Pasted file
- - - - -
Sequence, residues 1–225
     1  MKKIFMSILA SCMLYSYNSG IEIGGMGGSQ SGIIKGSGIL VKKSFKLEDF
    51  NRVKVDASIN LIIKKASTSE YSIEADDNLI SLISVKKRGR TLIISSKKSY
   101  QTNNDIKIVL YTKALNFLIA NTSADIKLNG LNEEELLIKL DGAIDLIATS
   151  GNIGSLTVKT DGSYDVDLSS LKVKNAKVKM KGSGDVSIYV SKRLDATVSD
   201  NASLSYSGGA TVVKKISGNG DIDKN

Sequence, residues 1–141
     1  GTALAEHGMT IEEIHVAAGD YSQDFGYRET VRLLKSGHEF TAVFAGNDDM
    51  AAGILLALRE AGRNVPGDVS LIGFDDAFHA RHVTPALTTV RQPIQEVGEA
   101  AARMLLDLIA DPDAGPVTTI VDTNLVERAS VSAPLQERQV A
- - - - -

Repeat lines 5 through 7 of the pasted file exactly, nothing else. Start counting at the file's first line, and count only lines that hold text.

   151  GNIGSLTVKT DGSYDVDLSS LKVKNAKVKM KGSGDVSIYV SKRLDATVSD
   201  NASLSYSGGA TVVKKISGNG DIDKN

Sequence, residues 1–141